International Women's Day 2019 - How mesothelioma affects those around the person diagnosed
04 Mar 2019
When people think of mesothelioma, they generally think of men developing the condition through traditional industries such as laggers, pipefitters, plumbers and joiners and it is true, that the majority of people that develop mesothelioma the UK are men and a minority are women.
However even though women don't necessarily develop mesothelioma, there life is still greatly impacted by the condition.
Mesothelioma usually affects the older generation although there are of course some cases for younger people. Many who develop it have been married or living with the same partner for decades. They have become dependent upon each other sometimes to the exclusion of all others with few friends or family members for support.
Many women find themselves suddenly thrust into the role of carer for a husband or partner who has developed mesothelioma and was previously reasonably fit and active. They find themselves looking after a very ill person sometimes with very little outside support from family members or professional services depending on the support available in their area.
For some there is some help available such as through local hospices or charities that provide respite care. Many hospices also provide outpatient services that allow sufferers to go to the hospice on a daily basis just to give their carer a break.
There are also other support groups run often in conjunction with Mesothelioma UK and the local Asbestos Support Group which provide help, advice and support to the sufferer and their family and provide the opportunity to talk to others going through the same thing in an informal setting.
Unfortunately there are still gaps leaving some without support.
Women are also affected because often they are the one that are left behind when their husband or partners dies. For many the loss of a husband or partner has a significant impact on their life and not just emotionally.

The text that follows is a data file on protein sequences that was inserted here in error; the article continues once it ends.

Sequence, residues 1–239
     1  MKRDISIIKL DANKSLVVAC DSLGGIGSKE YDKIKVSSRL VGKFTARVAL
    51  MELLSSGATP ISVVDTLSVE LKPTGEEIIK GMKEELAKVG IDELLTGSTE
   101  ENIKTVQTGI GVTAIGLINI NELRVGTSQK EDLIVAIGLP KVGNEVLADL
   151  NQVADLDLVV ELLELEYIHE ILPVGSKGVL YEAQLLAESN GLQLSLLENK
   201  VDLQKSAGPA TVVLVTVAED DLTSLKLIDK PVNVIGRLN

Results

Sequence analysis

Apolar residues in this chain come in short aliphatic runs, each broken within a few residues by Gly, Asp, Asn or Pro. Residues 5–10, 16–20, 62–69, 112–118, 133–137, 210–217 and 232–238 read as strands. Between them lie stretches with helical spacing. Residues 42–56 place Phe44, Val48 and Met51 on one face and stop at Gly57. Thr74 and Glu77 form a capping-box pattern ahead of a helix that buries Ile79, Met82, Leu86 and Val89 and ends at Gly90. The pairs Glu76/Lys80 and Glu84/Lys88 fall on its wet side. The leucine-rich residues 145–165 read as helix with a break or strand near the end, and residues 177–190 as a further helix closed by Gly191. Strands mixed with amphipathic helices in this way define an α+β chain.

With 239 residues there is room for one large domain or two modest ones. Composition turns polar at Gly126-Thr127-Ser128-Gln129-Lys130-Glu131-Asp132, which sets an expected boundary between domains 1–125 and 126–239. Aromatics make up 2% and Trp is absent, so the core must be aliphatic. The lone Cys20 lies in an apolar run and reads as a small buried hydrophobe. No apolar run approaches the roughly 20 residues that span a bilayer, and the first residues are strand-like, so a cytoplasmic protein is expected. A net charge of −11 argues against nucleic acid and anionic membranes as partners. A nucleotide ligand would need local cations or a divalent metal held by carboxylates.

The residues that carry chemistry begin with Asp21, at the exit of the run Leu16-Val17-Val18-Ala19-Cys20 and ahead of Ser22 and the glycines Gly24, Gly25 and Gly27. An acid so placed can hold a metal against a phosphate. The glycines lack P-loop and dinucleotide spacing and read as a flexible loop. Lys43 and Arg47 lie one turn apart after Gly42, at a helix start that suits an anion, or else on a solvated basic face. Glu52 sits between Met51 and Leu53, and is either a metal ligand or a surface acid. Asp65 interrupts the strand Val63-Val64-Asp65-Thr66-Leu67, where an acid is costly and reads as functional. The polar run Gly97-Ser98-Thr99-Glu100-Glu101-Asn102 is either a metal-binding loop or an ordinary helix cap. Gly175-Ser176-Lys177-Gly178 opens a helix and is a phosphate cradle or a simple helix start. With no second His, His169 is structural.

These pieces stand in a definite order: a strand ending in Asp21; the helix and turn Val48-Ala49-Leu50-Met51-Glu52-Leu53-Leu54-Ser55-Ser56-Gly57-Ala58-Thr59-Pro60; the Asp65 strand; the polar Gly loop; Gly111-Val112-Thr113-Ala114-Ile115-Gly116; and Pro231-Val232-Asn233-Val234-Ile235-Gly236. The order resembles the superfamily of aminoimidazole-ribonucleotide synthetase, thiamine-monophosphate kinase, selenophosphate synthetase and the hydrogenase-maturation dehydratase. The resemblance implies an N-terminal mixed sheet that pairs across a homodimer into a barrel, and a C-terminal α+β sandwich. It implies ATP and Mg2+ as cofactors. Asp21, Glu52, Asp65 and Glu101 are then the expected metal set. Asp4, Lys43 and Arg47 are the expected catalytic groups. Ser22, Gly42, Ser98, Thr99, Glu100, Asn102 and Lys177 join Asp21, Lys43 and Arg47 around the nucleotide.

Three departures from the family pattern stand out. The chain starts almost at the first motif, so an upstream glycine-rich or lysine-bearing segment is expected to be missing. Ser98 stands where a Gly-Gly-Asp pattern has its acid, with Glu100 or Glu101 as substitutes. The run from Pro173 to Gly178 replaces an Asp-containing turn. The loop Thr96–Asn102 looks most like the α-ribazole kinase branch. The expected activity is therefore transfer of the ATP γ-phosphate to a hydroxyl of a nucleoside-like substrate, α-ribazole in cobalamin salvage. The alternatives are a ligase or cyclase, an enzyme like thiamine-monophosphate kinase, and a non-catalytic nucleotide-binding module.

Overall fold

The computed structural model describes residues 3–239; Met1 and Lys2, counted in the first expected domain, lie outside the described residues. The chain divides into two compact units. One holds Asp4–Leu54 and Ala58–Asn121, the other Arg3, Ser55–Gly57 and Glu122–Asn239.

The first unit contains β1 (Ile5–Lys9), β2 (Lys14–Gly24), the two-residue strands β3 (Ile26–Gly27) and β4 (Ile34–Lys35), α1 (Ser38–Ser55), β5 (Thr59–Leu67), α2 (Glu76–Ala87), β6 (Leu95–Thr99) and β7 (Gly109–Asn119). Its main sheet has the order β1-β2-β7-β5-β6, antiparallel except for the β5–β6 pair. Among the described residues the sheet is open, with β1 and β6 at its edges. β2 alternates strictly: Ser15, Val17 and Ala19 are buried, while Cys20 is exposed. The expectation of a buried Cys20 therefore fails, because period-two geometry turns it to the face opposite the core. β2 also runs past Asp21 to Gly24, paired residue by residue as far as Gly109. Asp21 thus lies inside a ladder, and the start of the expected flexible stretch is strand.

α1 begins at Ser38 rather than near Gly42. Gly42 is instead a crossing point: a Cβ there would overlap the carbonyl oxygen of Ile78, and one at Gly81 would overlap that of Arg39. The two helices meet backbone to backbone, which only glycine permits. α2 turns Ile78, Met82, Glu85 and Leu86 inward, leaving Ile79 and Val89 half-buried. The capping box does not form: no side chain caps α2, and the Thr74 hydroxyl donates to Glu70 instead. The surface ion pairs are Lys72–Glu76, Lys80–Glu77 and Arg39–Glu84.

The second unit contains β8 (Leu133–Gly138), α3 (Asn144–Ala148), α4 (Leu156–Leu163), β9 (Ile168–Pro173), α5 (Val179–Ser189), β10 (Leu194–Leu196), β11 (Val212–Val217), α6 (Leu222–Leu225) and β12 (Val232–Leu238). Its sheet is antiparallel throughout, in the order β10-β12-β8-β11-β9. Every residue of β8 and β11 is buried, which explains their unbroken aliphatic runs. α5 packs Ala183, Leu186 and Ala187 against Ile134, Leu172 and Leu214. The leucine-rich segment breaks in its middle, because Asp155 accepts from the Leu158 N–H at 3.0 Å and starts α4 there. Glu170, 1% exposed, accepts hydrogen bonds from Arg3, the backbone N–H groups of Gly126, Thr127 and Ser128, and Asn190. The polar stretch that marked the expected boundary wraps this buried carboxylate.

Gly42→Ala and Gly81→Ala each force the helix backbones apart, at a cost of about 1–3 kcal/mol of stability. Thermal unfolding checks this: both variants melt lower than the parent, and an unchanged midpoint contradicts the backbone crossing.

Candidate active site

Some women are very independent. Others have always adopted a more traditional role in the household particularly when they are of an older generation such that they have always done tasks such as the cooking and cleaning whilst the husband or partner has carried out the more manual tasks such as the DIY, the gardening and the driving.
Many older women don't drive or they don't like to drive long distances. They've often been reliant upon the husband or partner to drive them anywhere they wanted to go. The loss of the husband or partner means that they suddenly have to rely on public transport or taxis or risk becoming socially isolated because they can no longer go where they previously did.
Often we find women didn't undertake the DIY or gardening and suddenly become reliant on outside tradesmen to help them with this in a way that they wouldn't have needed before. Often husbands or partners have arranged for outside tradesmen to come in when necessary and their wives haven't needed to.
Women become isolated in other ways too. Many couples are part of a group that go on holidays together. Suddenly they find themselves feeling unable to do so because they are on their own.
The same can of course be true of husbands and partners left behind when their wives or partners die. However because mesothelioma is still a disease which affects significantly more men than women it is women that tend to find themselves in this position more often.
Not everybody will be affected in the same way. Some are much more resilient or have always been more independent than others. Some are very stoical. But whatever the situation, sometimes everybody needs a bit of help.
Luckily there is some help available. There are outside organisations that may be able to help.
Many of the Asbestos Support Groups have a bereavement group which can help and provide much-needed support and friendship. You can find details of some of those groups below.
There are also other charities too who may be able to assist such as Age UK and doctors can refer people for counselling if it's needed.
On International Women’s Day it’s important to remember that mesothelioma affects women as well as men, whether it be because they are diagnosed with the condition themselves or whether it be because they are the ones caring for a loved one and the one left behind.